For this assignment, I have chosen the Myers-Briggs Type Indicator career assessment tool I have found at www.16personalities.com. According to Myers-Briggs, though every person bears unique traits and shows individual behavior patterns, it is yet possible to assess their personality and assign it to one of the sixteen types. The author claims that there are four dichotomies each of which is a spectrum: extraverted vs. introverted, thinking vs. feeling, sensing vs. prospecting, and judging vs. perceiving. Sometimes, an additional dimension, turbulent vs. assertive, is used to distinguish between personal characteristics within one type. In this post, I will discuss my own findings and whether the test could be of use for career advisors.
We will write a custom Essay on Myers-Briggs Type Indicator: The Entertainer Type specifically for you
301 certified writers online
My result is ESFP (“The Entertainer”), and according to Myers-Briggs, I am extraverted, feeling, sensing, perceiving, and turbulent. My role in society is that of the explorer, and the best strategy that I can adapt to pursue my life goals is to engage with people on a personal level. Overall, I think that the type description applies to me: for example, I find such behavior patterns as curiosity, short attention span, and the tendency to leap at opportunities reasonably precise. The Entertainer is a natural people’s person, and their sensitivity to others’ mood makes their well-being somewhat dependent on their environment, which is right about me as well.
As for the recommended career paths, I find Myer-Briggs’ suggestions in line with the type and my preferences. For instance, it is said that ESFPs unlock their potential when they have to make quick decisions, draw data from real people, and interact with them in a way that would benefit both. Professions that would potentially make an ESFP somewhat dissatisfied are those when they would have to work on a computer with minimal human contact. For all the similarities I found between myself and the description, the only caveat is that I scored 50-something % for each dichotomy, which makes me doubt the validity of the results.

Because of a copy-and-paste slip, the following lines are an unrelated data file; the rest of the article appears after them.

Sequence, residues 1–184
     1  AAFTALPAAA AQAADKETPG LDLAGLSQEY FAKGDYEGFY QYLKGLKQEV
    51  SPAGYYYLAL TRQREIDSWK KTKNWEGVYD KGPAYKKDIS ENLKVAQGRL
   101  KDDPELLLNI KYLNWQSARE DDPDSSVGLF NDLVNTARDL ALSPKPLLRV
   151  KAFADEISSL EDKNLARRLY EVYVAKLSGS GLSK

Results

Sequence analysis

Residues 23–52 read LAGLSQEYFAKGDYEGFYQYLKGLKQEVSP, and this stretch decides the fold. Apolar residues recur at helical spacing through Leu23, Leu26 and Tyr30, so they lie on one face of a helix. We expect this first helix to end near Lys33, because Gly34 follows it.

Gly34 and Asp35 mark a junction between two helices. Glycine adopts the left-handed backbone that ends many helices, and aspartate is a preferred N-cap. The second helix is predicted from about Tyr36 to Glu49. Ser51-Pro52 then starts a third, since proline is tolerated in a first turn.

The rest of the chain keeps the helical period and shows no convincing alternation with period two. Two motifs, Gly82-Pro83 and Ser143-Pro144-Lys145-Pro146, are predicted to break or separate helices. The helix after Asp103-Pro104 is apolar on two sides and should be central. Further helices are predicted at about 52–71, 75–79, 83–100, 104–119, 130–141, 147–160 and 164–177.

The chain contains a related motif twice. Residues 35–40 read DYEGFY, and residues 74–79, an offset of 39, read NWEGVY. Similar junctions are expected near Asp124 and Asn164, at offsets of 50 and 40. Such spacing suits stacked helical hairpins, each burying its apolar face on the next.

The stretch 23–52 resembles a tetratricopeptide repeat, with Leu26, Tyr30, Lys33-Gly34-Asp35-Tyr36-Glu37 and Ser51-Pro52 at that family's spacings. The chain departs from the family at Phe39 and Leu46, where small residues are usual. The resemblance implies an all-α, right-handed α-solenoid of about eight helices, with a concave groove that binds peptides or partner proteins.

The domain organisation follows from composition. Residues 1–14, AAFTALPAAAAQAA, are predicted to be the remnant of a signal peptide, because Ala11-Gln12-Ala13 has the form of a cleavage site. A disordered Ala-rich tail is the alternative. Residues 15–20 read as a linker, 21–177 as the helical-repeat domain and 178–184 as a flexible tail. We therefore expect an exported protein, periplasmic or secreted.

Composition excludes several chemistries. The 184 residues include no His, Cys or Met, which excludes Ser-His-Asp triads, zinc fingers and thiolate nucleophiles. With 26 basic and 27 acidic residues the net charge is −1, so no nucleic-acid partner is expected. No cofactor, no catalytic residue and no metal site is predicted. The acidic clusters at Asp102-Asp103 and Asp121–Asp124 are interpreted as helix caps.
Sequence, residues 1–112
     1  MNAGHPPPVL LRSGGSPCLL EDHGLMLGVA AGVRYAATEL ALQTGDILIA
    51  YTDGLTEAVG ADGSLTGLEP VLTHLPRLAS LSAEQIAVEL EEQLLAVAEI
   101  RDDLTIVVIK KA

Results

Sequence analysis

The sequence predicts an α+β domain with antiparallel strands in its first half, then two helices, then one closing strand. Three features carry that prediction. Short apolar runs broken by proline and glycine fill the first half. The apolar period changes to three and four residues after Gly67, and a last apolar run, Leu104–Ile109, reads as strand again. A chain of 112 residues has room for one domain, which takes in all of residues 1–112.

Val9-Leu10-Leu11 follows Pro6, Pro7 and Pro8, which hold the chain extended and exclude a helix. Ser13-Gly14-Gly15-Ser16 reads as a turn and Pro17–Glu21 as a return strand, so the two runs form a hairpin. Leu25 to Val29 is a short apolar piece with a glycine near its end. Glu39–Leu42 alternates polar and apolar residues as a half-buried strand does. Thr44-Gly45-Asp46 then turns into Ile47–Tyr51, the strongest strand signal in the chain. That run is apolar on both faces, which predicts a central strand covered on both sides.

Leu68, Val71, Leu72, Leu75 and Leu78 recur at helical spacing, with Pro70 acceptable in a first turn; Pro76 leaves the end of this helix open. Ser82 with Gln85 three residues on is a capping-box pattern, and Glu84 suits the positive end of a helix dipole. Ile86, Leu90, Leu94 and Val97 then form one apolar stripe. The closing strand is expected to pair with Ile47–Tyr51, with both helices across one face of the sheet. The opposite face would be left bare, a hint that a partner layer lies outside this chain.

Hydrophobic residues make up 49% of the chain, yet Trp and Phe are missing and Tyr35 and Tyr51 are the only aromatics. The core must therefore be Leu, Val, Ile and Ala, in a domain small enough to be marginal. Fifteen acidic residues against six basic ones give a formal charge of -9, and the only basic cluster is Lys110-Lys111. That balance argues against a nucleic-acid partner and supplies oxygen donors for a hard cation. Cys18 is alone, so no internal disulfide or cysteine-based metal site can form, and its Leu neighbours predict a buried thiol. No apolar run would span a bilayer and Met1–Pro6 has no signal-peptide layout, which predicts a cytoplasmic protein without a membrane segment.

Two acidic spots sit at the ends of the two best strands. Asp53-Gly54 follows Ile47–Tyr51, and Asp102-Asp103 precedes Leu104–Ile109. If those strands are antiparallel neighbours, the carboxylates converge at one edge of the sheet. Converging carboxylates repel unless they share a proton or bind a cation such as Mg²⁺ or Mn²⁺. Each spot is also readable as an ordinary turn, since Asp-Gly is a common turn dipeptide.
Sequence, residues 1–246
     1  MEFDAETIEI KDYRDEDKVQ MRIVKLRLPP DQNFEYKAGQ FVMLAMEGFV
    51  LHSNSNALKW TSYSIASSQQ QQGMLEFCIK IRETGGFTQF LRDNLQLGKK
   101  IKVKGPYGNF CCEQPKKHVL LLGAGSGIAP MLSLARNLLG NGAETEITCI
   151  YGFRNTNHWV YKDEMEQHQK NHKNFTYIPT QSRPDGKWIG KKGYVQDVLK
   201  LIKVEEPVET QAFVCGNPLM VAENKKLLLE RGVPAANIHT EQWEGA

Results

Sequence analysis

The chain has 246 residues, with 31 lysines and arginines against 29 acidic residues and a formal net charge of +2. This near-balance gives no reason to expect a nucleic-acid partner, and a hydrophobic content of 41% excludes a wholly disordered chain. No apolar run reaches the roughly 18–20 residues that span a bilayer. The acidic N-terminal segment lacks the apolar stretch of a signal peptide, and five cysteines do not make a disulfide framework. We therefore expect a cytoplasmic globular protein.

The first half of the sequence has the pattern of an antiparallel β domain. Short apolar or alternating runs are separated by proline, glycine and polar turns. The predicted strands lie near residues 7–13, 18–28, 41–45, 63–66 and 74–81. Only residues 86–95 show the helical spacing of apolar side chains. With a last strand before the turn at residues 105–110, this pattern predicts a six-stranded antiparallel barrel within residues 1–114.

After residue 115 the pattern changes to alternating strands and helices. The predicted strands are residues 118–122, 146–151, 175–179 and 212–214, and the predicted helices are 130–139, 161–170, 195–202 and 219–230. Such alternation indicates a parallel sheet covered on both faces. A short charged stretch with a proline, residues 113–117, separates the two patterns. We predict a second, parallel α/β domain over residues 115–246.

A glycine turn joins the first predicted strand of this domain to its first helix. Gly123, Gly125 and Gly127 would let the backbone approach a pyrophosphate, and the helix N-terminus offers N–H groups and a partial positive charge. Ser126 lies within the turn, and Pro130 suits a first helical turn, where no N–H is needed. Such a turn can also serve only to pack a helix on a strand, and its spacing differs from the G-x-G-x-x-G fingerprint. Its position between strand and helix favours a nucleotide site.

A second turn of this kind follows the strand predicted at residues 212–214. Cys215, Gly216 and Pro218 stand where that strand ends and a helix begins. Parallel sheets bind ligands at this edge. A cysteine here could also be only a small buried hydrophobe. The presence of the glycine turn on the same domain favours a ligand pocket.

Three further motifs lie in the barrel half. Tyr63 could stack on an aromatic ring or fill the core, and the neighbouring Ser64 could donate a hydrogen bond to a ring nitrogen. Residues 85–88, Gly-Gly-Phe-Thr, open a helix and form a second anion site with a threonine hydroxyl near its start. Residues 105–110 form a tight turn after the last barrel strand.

From further reading on the topic, I found out that Myers-Briggs Typology Indicator is fairly popular with human resources specialists in Europe and North America. Some companies go as far as asking candidates for an open position to take the test. It is assumed that the results will be indicative of how well a person would fit. Some people choose this tool to discover career opportunities for themselves.
If I were to work with people as a career advisor, I would recommend this tool but would do some explanation beforehand. The majority of people lack self-awareness, which is fine since self-exploration is hard, but not understanding oneself might distort the test results. Moreover, if, say, a person takes the test in a good mood, he or she might be more aware of their strengths. On the contrary, approaching the test while not exactly in high spirits, a client might be too harsh on him or herself. I would advise studying the typology with someone a person trusts and who knows them well to correct them if necessary.
I would also tell my client that the test cannot give them all the answers, and while it can help with their career journey, one cannot rely entirely on the results. Lastly, I would note that their choices are not restrained to those recommended in the description. Ultimately, everyone is free to branch out and see for themselves whether a specific career path brings them joy and a sense of accomplishment.